Export Control Licenses and Exclusions

Licenses and Exclusions

Most export transactions by UMCES do not require a government license or other written approval from the U.S. government prior to export. Some transactions are prohibited due to the end-use, end-user, or country involved.  Only exports that the US government considers “controlled” under the EAR and ITAR may require licenses.  Exports usually are license controlled for one or more of the following reasons:

  • The technology or information has actual or potential military applications or raises economic protection issues
  • Government concerns about the destination country, organization, or individual
  • Government concerns about the declared or suspected end use or the end user of the export

Most research and teaching on campus in the United States can qualify for exclusions and/or exemptions from the export control regulations. Below is a summary of the exclusions. 

Fundamental Research Exclusion

No license is required to disclose to foreign persons information that is “published and which is generally accessible or available to the public through fundamental research in science and engineering at universities where the resulting information is ordinarily published and shared broadly in the scientific community.”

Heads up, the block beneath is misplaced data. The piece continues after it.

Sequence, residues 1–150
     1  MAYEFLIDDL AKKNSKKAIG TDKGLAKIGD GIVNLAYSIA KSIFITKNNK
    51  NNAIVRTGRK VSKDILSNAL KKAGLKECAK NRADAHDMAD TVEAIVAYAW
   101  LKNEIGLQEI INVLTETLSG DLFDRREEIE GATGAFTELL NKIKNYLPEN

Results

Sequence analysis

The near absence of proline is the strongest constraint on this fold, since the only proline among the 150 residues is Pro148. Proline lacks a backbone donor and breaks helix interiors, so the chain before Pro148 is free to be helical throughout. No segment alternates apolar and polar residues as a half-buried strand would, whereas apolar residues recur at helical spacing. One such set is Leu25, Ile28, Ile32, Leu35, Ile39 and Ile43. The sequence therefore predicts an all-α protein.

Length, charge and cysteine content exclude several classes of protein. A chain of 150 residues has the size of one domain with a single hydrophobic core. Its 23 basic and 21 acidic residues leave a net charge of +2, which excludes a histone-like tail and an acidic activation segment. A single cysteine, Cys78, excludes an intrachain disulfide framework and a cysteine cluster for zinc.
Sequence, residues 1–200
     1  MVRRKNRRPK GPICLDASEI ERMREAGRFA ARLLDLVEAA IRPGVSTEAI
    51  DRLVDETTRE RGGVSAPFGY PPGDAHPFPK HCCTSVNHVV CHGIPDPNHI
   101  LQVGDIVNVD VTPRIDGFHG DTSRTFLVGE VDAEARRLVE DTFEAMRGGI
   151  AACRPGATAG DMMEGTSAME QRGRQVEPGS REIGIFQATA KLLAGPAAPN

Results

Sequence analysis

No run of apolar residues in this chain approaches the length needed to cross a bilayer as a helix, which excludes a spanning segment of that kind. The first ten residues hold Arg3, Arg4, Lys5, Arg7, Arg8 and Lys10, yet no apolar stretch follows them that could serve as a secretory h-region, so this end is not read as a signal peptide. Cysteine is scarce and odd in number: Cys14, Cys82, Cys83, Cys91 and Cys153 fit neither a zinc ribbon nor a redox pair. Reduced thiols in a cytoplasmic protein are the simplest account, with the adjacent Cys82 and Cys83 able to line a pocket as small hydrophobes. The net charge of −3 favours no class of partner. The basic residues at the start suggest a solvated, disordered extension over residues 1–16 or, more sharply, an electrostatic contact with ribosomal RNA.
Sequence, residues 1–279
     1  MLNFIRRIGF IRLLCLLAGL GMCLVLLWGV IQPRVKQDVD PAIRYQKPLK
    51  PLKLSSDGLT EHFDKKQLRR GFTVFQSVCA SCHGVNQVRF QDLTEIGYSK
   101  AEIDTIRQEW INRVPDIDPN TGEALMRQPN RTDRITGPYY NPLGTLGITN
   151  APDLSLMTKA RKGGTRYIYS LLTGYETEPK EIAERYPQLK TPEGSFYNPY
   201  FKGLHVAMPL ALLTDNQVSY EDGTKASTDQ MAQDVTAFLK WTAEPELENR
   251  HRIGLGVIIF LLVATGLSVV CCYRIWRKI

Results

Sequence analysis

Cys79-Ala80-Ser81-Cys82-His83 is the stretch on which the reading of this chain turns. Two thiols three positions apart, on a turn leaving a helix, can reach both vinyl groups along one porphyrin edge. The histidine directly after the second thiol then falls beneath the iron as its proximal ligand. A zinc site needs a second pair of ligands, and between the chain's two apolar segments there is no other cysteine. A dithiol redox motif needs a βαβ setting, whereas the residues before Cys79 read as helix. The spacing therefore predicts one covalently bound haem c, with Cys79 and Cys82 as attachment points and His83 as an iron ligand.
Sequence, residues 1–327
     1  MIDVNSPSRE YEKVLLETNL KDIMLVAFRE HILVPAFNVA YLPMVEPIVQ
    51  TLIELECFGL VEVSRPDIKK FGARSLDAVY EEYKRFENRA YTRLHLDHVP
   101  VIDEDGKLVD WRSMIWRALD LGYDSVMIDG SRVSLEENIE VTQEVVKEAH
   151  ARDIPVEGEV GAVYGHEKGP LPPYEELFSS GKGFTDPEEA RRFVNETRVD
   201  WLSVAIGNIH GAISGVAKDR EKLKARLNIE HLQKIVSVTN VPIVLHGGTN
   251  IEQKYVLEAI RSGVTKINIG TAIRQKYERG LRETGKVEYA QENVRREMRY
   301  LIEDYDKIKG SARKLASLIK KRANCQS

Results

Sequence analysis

Public Domain Exclusion

The Public Domain Exclusion applies to information and research results already published and actually available through:

  • Libraries, bookstores, newsstands;
  • Trade shows, meetings, and/or seminars open to the public;
  • Websites open to the public; or
  • Courses listed in the university catalog of a general nature.

Educational Information Exclusion

No license is required to share with foreign persons “information concerning general scientific, mathematical or engineering principles commonly taught in universities or information in the public domain.”

Employment Exclusion

No license is required to share controlled technical information with a foreign person who Is a full-time, bona fide university employee and  has a permanent address in the US while employed, provided that the person is not a national of certain countries; and is advised in writing not to share controlled information with other foreign persons.